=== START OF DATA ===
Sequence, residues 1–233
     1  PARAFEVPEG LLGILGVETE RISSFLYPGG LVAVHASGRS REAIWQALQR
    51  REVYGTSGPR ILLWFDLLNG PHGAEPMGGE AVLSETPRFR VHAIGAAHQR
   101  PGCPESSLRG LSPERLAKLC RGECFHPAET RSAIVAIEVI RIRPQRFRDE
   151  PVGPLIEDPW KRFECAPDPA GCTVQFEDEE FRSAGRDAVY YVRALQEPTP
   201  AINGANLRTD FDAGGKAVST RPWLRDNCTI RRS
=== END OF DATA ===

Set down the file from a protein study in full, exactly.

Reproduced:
Sequence, residues 1–233
     1  PARAFEVPEG LLGILGVETE RISSFLYPGG LVAVHASGRS REAIWQALQR
    51  REVYGTSGPR ILLWFDLLNG PHGAEPMGGE AVLSETPRFR VHAIGAAHQR
   101  PGCPESSLRG LSPERLAKLC RGECFHPAET RSAIVAIEVI RIRPQRFRDE
   151  PVGPLIEDPW KRFECAPDPA GCTVQFEDEE FRSAGRDAVY YVRALQEPTP
   201  AINGANLRTD FDAGGKAVST RPWLRDNCTI RRS